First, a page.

In response to Justin Sun’s tweet, Alex and Omega highlighted a potential workflow that could cause widespread contagion in the DeFi ecosystem, as shown below. Given the current implementation, there are concerns that a malicious actor could send Ethereum via Tornado Cash to wallets with large loans to trigger a liquidation event.

If portfolios with active loans are Aave prohibited, they will not be able to add additional capital to manage their LTV. Therefore, if the price of the underlying assets fell, there could be a large liquidation event as users would not be able to access their accounts.

This is unlikely in practice because protocols have a responsibility to their users to allow them access to their funds. However, as shown by the error message on Sun’s tweet, it seems that only the frontend of the application is blocked.

Users may be able to interact with the protocols through the CLI or fork the project to create their front end UI. This is beyond many users, but those with significant funds should be able to access locked assets through this method.

A forbidden search for Sun wallet address “0x3ddfa8ec3052539b6c9549f12cea2c295cff5296” indicates that he has over $100 million in Aave tokens. It holds $91 million in aTUSD, $58 million in aUSDC, and $19 million in aDAI. These funds currently appear to be unrecoverable through Aave’s front-end UI.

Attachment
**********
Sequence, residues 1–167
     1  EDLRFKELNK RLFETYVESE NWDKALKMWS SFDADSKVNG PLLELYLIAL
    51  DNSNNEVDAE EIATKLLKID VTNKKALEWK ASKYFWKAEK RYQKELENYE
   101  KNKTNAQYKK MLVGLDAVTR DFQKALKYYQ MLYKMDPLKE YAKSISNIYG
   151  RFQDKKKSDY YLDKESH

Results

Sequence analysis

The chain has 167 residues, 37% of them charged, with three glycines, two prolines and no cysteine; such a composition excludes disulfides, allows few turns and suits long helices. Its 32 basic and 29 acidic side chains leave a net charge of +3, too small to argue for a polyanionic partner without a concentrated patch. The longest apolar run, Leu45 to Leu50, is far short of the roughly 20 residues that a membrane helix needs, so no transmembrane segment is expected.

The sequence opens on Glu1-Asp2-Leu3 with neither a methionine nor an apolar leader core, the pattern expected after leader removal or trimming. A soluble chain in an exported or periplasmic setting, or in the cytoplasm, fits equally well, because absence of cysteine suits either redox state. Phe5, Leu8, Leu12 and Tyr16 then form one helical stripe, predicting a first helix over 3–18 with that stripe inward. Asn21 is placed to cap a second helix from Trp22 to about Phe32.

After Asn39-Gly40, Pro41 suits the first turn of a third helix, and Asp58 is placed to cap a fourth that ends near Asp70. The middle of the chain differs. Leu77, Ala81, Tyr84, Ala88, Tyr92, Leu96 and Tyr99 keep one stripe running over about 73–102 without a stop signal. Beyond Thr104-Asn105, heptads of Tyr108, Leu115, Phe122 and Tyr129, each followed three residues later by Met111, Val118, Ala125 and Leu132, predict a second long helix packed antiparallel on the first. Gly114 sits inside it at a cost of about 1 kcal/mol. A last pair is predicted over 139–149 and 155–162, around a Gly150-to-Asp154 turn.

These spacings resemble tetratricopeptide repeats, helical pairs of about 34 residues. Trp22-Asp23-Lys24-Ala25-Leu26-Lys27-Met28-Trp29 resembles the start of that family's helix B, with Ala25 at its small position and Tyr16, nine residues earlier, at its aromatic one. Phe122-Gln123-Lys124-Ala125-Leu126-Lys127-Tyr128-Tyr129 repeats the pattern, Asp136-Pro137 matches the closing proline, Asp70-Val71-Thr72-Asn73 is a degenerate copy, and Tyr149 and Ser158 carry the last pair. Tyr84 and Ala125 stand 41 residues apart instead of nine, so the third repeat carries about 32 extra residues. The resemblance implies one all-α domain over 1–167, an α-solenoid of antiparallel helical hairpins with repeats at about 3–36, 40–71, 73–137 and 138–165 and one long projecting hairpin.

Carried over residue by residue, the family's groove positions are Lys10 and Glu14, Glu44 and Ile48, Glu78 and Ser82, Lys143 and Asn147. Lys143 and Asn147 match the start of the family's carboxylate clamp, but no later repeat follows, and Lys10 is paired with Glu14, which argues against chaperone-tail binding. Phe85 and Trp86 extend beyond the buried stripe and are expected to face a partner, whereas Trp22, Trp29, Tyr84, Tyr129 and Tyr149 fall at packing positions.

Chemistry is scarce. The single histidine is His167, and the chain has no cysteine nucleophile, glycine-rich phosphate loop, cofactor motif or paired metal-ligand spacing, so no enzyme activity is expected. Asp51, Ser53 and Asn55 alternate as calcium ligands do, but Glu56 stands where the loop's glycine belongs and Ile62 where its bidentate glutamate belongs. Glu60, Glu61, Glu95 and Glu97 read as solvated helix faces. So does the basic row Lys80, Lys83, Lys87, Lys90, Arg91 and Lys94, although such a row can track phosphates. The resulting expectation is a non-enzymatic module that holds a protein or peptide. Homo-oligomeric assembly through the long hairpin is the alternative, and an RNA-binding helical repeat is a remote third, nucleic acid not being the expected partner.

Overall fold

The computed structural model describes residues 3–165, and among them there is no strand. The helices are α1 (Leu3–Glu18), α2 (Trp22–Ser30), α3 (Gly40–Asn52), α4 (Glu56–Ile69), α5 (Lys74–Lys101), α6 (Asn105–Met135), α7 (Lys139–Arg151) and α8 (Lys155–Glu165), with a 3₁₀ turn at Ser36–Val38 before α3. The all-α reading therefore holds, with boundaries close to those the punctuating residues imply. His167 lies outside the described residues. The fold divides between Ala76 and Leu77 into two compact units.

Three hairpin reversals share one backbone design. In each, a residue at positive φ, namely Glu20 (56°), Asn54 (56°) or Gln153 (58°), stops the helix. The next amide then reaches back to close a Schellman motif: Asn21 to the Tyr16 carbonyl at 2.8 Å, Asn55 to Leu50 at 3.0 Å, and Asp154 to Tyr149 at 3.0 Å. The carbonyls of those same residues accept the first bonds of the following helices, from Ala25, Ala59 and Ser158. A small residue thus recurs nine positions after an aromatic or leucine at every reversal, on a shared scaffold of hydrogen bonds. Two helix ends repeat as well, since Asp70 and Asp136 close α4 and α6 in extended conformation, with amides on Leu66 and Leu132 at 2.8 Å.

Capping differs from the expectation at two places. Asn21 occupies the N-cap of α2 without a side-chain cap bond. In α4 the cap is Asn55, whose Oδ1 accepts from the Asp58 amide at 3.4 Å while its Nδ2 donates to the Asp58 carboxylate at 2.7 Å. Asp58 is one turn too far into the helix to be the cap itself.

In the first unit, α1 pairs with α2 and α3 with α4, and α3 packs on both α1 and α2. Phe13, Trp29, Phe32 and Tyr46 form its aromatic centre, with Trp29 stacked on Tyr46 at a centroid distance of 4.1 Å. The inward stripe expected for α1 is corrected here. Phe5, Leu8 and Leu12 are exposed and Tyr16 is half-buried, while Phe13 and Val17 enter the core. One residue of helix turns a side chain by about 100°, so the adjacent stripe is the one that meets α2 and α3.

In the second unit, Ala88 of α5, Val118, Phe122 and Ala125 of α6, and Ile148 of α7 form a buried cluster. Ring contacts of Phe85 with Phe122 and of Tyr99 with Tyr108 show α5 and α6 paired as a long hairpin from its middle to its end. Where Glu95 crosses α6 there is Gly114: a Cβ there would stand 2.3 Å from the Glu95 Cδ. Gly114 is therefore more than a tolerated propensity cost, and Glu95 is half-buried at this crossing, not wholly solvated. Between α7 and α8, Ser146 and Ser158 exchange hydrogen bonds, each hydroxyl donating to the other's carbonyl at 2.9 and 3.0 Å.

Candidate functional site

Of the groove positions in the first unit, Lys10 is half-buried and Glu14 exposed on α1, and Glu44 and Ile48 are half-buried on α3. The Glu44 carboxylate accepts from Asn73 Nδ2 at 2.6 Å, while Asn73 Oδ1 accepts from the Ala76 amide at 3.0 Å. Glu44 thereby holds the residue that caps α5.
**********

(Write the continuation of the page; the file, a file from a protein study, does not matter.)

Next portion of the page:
TRM Labs approach

The bigger concern, however, is how TRM Labs decides what constitutes a sanctioned address. If a wallet receives funds directly from Tornado Cash, there is a direct correlation. However, what if a user sends said funds to a DEX and exchanges them for another token? Will the wallet that participates in the exchange now also be considered a sanctioned wallet? This is a real possibility if he is in possession of ETH, which once went through Tornado Cash.

A chart created by Block119 analyst ElBarto Crypto shows that 90% of Ethereum addresses have just four degrees of separation with Tornado Cash, with 41% just two degrees.

The potential for billions of ETH to become “blacklisted” is a real possibility in the OFAC sanctions fallout. TuongVy Le, head of regulation and policy at Baincap Crypto, told CryptoSlate,

” It is a problem. There must be standards and transparency on how we all must comply with this unprecedented and new sanction of TC smart contracts and wallets.

TuongVy Le, who is a former SEC, then commented on TRM Labs’ approach to the compliance issue caused by OFAC,

“TRM seems to be taking an expansive approach, which is understandable as sanctions violations are serious and there is a lot of uncertainty as to how they apply here. At the same time, I think we need to ask if there is an inherent conflict of interest when these compliance providers work for both the private sector and government.

In response to some concerns that the DeFi protocols in question could send user data to OFAC, Balancer confirmed that “user addresses” would be sent to “federals” but “nothing else”.

A balancer developer, Tim Robinson, added that all data is sent through “lambda so that users’ IP addresses are not sent to TRM”.

As of this writing, the incidents have had no apparent impact on the price of Ethereum or the broader crypto markets. Ethereum is trading just below $2.00 after finally breaking psychological resistance overnight.

eth price
Source: Trading View

CryptoSlate has contacted the platforms in question with which we have direct lines of communication. Currently, there has been no response, but this article will be updated when more information becomes available.